As mentioned, we will use the contract for a European call option as an example to illustrate our technology through the paper. A European call option is an agreement that gives an investor the right, but not the obligation, to buy a stock, bond, commodity or other asset at a specified price (strike price) on a specified date (exercise date). The writer (seller) of the option commits himself to sell the asset to the holder (buyer) on that date, at that price, if the buyer decides to exercise it, which (rationally) happens if the price of the asset on that date is higher than the strike. Given this, we assume that the contract can alternatively be settled by the payment to the holder of an amount equal to the market price of the asset on the exercise date minus the strike, no payment is needed otherwise and the option expires unexercised.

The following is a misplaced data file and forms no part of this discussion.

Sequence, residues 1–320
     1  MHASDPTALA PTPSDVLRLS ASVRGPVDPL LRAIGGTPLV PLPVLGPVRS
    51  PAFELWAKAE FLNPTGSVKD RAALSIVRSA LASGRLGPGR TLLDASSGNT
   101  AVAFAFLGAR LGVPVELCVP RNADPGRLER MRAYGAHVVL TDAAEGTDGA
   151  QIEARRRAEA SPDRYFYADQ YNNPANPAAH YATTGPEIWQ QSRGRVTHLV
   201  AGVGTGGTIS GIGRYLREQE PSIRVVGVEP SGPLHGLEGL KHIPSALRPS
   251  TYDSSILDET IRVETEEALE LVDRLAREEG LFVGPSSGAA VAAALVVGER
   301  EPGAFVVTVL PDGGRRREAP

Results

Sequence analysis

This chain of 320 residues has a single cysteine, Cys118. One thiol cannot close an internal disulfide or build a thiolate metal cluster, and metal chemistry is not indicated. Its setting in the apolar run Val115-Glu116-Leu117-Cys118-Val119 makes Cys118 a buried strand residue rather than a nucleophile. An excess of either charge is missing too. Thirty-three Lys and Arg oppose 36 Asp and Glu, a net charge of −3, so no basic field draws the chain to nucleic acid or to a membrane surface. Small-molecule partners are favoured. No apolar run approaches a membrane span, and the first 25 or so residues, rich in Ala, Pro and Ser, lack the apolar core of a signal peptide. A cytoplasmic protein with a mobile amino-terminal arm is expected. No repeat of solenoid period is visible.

Functional Specification

The standard way of establishing and executing a (financial) contract is to sign a legal document and have its provisions interpreted and executed (and sometimes contested) by humans. These contracts can be regarded as composed of text, defining the terms, and a set of values for the parameters particular to the contract at hand (exercise date, writer, public keys, etc.). These distinct elements have been separated in our system, where the essence of the contractual text is captured as an abstract machine, a DFA, and the set of values for the parameters of the particular instance of a contract is provided independently, see [1] and references therein. We will start by describing the information on different elements of the state machine, and turn to the actual generation and execution of the contract in the next section.